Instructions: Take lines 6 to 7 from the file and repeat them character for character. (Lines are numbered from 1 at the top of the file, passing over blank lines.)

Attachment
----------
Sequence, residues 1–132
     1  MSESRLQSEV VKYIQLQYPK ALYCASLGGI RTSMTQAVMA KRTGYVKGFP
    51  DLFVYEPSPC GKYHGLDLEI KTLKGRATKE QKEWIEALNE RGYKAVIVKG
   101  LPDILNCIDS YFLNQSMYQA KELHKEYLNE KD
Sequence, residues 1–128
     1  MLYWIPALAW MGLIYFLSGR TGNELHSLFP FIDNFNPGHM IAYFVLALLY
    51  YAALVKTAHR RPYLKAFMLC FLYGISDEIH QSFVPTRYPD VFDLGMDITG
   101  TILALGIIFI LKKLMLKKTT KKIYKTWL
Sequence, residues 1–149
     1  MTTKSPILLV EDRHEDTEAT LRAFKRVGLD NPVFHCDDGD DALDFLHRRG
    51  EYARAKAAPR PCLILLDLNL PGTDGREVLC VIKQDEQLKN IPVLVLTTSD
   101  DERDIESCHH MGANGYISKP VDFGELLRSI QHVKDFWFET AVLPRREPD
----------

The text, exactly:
     1  MLYWIPALAW MGLIYFLSGR TGNELHSLFP FIDNFNPGHM IAYFVLALLY
    51  YAALVKTAHR RPYLKAFMLC FLYGISDEIH QSFVPTRYPD VFDLGMDITG